The dust kicked up by the EU referendum and the election will be a long time settling. While the politicians have bigger fish to fry, they won’t be leaving pensions alone.
The DWP is to be stiffened by an infusion of Treasury thinking, with former long-serving Treasury Minister David Gauke now Under Secretary for Pensions and Financial Inclusion.
One of the few near-certainties is a new Finance Bill. Of the 80 per cent of the previous Bill jettisoned during the wash up, the much-derided reduction in the Money Purchase Annual Allowance is likely to reappear. Implementation next April would be more sensible than backdating to last.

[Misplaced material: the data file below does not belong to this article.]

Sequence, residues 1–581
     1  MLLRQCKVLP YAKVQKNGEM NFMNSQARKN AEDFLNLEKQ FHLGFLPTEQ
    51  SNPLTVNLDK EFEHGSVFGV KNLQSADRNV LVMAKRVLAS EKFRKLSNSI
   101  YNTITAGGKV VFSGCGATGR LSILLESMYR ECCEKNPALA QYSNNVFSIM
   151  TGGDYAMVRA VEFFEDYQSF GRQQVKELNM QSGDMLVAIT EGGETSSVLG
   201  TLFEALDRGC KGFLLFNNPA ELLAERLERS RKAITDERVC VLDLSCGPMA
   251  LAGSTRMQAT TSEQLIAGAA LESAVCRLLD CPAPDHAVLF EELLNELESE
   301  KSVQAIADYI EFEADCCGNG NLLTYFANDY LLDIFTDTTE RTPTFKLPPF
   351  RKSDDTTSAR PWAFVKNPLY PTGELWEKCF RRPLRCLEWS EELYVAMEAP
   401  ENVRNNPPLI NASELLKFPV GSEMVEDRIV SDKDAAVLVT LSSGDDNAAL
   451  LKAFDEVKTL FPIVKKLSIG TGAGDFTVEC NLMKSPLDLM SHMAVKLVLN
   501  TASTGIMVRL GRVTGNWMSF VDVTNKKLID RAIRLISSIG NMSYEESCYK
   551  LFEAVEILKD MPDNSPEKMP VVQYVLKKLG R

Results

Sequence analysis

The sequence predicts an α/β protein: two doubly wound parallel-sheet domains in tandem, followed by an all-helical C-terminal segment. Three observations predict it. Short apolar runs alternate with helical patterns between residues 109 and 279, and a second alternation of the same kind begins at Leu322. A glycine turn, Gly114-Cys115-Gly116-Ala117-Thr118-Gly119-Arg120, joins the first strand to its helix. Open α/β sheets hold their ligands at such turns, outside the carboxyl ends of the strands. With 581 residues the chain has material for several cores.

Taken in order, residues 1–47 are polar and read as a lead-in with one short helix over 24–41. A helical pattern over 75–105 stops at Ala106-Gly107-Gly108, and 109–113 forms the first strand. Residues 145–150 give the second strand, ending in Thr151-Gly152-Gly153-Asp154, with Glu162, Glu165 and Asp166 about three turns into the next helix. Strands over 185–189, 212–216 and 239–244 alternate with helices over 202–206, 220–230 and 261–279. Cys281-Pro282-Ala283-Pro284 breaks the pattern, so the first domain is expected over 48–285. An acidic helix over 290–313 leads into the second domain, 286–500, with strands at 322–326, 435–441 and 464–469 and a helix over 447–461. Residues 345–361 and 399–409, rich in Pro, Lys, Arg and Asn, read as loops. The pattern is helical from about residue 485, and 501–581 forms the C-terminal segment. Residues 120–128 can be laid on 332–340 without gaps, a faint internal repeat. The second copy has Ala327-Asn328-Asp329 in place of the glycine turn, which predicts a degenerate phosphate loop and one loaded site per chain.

A review of the state pension age was required before 7 May under section 27 of the 2014 Pensions Act and linked to this is the equally controversial ‘triple lock’. A reversion to the pre-1980 ‘double lock’ will not save a lot given current inflation projections.
Overdue too is a government response to last December’s pension scams consultation. Something must be done.
Also, the review of auto-enrolment already under way won’t be aborted, although the new government might park any radical proposals such as an extension to the self-employed.
In less chaotic times we might expect some action in response to the Green Paper. There’s a rare political consensus that The Pensions Regulator should be given extra ‘moral hazard’ powers, but for their game of Whack-a-Mole it needs binoculars more than better batteries.